In May of this year President Obama signed into law The Defend Trade Secrets Act of 2016 (the “DTSA”), 18 U.S.C.A. § 1832 et. seq. Unanimously passed in the Senate and ratified by the House of Representatives in a 410-2 vote (a miracle in and of itself), the DTSA provides a federal cause of action and federal court jurisdiction for misappropriation of trade secrets.
Prior to enactment of the DTSA 48 states had adopted some form of the Uniform Trade Secrets Act (“UTSA”), which was first published in 1979 as an attempt to provide a uniform legal framework for trade secret protection across the country. The DTSA has largely taken UTSA and codified it as federal law, similarly defining what constitutes a “trade secret” (“all forms and types of financial, business, scientific, technical, economic, or engineering information”, that the owner has kept sufficiently secret so as to derive economic value from so doing), and utilizing a 3-year statute of limitation for bringing suit. The DTSA does not preempt existing state law, so plaintiffs now have the option of pursuing federal or state law claims for misappropriation of trade secrets and deciding which court system, state or federal, to select.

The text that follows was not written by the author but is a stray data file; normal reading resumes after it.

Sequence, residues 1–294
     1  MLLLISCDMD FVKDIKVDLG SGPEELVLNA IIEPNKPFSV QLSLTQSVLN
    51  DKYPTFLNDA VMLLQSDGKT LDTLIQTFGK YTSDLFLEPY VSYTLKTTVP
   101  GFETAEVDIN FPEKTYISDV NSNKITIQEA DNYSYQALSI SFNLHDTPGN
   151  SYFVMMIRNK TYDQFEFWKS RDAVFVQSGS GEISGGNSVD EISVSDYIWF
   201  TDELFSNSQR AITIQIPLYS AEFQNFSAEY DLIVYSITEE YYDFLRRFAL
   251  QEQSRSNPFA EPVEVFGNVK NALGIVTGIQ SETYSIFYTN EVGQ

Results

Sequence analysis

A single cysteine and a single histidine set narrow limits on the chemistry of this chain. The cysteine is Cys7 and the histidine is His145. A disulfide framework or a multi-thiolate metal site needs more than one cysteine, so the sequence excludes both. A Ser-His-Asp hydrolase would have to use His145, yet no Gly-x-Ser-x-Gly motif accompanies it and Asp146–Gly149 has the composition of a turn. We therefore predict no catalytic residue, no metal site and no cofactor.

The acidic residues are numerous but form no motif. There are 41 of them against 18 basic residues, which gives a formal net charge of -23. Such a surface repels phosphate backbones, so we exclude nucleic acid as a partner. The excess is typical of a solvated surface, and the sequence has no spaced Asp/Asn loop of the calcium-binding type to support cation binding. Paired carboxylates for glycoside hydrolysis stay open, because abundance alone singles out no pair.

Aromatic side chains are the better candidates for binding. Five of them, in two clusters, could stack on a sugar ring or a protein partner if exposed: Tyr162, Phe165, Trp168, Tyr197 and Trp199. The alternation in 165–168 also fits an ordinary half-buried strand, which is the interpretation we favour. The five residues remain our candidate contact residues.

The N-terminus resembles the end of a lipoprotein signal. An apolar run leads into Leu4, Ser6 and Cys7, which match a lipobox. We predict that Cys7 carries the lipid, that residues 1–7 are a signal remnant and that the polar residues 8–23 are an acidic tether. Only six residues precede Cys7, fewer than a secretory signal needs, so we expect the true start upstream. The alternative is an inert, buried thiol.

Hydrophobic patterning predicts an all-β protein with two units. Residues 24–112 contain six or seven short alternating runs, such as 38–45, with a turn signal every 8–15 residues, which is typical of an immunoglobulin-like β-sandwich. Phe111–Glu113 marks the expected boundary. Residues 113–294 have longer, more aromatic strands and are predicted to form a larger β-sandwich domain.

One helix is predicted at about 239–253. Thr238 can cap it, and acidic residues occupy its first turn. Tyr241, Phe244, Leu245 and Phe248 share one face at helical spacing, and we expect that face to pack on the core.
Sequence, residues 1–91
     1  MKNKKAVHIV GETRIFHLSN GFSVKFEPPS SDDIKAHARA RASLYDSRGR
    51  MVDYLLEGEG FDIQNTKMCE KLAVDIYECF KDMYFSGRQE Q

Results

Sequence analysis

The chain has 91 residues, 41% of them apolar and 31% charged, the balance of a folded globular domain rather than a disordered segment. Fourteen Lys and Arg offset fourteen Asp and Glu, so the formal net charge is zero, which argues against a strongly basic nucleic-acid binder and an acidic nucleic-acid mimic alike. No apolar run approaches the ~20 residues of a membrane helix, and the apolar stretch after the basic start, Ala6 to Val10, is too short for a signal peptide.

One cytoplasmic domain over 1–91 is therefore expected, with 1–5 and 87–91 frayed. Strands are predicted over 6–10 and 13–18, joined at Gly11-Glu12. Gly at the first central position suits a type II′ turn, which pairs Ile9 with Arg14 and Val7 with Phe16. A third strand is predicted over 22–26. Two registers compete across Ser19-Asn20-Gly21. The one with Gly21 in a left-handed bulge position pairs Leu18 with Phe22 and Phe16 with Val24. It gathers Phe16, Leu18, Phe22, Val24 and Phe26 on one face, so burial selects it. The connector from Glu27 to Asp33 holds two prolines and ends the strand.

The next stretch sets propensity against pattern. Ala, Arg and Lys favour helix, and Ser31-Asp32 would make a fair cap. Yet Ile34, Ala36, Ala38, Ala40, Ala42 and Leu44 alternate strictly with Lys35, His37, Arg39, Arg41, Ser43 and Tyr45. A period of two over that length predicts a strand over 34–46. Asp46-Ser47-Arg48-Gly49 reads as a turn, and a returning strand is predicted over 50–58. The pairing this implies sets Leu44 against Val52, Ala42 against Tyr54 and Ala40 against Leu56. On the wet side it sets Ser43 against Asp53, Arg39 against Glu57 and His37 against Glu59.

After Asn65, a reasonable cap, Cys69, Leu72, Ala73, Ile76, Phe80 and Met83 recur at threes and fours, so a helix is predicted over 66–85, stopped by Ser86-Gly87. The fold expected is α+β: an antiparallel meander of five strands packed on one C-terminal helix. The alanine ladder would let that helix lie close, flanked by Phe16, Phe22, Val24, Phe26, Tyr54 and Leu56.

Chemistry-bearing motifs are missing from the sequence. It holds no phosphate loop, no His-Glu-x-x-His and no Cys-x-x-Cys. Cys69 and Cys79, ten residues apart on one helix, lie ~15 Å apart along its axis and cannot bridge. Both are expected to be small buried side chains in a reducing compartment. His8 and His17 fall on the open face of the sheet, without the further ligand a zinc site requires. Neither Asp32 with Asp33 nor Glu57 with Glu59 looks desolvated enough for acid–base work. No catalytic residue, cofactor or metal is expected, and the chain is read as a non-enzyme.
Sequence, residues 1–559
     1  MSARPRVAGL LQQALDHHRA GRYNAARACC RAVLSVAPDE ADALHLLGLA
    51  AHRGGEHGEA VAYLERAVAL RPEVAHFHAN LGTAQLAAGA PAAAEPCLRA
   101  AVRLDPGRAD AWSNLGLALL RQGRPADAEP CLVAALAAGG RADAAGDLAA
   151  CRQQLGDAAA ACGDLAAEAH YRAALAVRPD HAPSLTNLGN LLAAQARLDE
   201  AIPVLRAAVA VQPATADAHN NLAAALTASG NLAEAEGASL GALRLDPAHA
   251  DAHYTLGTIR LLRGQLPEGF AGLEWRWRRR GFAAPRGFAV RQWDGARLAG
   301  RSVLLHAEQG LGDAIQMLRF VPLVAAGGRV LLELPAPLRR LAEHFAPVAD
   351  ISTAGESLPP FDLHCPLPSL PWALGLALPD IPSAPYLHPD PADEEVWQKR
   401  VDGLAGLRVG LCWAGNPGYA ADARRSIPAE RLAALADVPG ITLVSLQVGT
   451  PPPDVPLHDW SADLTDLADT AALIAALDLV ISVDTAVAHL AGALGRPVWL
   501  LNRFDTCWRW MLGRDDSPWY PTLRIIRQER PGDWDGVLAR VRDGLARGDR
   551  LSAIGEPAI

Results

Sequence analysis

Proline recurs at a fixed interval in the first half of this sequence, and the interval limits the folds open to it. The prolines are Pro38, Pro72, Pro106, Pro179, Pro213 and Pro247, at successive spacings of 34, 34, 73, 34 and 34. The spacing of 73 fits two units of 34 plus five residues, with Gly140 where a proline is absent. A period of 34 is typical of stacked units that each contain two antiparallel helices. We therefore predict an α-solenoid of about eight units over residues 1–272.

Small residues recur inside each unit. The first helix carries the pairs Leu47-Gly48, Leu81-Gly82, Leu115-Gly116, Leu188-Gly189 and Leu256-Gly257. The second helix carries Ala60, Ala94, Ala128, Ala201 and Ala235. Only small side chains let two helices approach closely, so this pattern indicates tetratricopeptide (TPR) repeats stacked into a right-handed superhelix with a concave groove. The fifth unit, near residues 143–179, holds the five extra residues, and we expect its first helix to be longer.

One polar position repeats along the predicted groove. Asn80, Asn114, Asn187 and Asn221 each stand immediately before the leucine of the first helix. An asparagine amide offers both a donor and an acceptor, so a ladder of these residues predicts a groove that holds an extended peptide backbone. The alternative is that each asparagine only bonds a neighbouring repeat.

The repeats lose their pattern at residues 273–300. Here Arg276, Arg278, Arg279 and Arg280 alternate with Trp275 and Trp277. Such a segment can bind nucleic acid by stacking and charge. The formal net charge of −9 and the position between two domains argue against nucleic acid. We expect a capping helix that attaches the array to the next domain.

Notable new features of the DTSA include a provision authorizing a civil, ex parte seizure in extreme circumstances where the party against whom the seizure is ordered “would destroy, move, hide, or otherwise make such matter inaccessible to the court” (although it does require that a hearing be held “at the earliest possible time, and not later than 7 days after the order has issued”), and a provision designed to protect whistleblowers from retaliatory misappropriation claims by permitting them to disclose trade secret information to the government or court in confidence.